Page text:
photo 2^^ The view from the back porch of our bedroom on Friday morning, after it had snowed all night.

My sister and her boyfriend, my uncle and Chris and I were excited to head up to the mountain to ski/snowboard. I would be taking another snowboarding lesson (I think after this time I finally got it down!), while the others went off and did their “we’re already good at this” thing.

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Unfortunately we arrived too late on Friday for me to catch the lesson. (Word to the wise for any of you snow bunnies who might want to take a lesson at Stowe — they start at 10 a.m. on Fridays — maybe every day but I can’t say for sure — and they go for an hour and a half in the morning, then break and meet up again at 1 for another hour. And they’re expensive! With my gear rental and the group lesson, I ended up paying around $230. Ouch … but worth it!)

Anyway, since I wouldn’t be snowboarding on Friday, I did this instead:

photo 6^^Found the bar …

photo 7^^Had an extremely delicious Bloody Mary while I waited for everyone to meet me for lunch.

Saturday was different, though, my friends — Saturday I actually took a lesson! And let me tell you — by the end of it I wasn’t half bad ;) It ended up being a private lesson when no one else showed up for the class, so that’s always a good thing.

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Of course I never left the beginner’s hill but hey — I need to leave something to aspire to, right?

Saturday night we headed into town to the Vermont Ale House, which had awesome beers, amazing music and tables made of chalkboard so you could draw on them. It was pretty much the best.

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We left yesterday to make the drive back to the city (in a snow and rainstorm, no less!), but Chris still got in a half day of snowboarding, I took a hike with my uncle and cousin’s boyfriend on the trails right near our cabin and Steph and I checked out a bit of the town.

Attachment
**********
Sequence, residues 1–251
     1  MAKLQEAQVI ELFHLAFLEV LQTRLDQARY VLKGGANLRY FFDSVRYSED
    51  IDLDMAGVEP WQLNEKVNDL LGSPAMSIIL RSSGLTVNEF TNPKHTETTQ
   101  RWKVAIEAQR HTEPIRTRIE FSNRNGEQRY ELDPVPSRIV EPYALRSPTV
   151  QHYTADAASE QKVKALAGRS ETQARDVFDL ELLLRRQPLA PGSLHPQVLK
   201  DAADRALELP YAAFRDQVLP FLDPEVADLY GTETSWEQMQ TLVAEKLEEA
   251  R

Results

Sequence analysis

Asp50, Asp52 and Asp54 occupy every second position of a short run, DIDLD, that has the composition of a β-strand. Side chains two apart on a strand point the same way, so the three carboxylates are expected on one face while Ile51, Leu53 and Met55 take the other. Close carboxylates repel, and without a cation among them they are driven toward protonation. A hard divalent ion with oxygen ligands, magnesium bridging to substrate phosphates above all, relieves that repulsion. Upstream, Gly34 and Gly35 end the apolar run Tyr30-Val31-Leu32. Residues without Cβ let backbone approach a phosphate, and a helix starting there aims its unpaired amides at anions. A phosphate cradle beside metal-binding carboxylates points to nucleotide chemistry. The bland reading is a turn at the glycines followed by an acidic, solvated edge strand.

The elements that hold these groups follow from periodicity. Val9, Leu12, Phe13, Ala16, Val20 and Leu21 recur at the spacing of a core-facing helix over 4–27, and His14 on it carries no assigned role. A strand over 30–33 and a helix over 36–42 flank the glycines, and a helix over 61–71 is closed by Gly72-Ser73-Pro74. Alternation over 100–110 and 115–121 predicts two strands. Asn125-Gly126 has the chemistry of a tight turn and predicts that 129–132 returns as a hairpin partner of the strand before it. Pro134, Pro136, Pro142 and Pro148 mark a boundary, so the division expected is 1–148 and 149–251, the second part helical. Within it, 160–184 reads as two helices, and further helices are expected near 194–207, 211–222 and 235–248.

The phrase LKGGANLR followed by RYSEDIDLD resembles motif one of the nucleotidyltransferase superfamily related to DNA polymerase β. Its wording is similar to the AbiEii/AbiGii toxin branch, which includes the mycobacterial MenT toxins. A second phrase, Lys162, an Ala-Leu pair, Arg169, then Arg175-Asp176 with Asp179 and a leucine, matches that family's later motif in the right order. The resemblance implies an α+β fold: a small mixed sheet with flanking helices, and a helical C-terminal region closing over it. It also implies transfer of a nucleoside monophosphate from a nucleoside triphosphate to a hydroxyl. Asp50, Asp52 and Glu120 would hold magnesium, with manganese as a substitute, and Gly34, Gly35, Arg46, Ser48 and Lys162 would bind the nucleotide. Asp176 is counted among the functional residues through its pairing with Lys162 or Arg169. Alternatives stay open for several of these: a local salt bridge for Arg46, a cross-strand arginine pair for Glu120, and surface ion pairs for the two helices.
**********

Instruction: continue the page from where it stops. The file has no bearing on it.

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Final Photo

I think it’s safe to say Stowe was a major success, and that we’d all love more than anything to make this trip an annual thing.

Bis bald, friends! I seriously cannot believe that tomorrow will be my lost blog of 2013. Time really does fly when you’re having fun …

 

The Inspirational Animals of My Travels

As I sit here working on a passion project of mine — which, to be fair, I’ve been working on for the better part of a year now — I realized that I’ve up until this time passed up a perfectly lovely opportunity to give thanks to all the inspirational animals I’ve come across in my travels. These animals have been so much fun to meet and learn about, and I’m so grateful to them for being a part of the learning process that is traveling.

So without further ado, please meet some of my favorite animals I’ve met on my journeys:

Shawn_the_Koala^^ This is Shawn the Koala from the Koala Park Zoo in Sydney.
He’s the animal that started my whole project idea.

Shawn_talks^^ Can’t you tell he’s just whispering amazing ideas in my direction!

Kookaburra_Bird^^ This is a replica of a Kookaburra bird in the
Museum of Natural History. They’re known for their good-natured,
hysterical laugh, which can sound a lot like a human’s.

Red_Panda^^ This is a red panda — let’s call her Jia. This photo is from the
Philadelphia Zoo, which is sort of cheating because my real
inspiration came from the red pandas at the Central Park Zoo.
This was a better photo, though.

Pigeons_London^^ These are pigeons. And while yes, these pigeons are in London,
let’s be honest — the real inspirational pigeons live right here in
good ole’ NYC.

Chasing_Pigeons^^If we’re being even more honest, my true obsession with pigeons began
when I was a toddler and my parents lost me in the Piazza San Marco
in Venice because I was chasing them. That’s why I took this
dorky photo when we were back there in 2012.

What inspires you when you travel?

Bis bald, friends!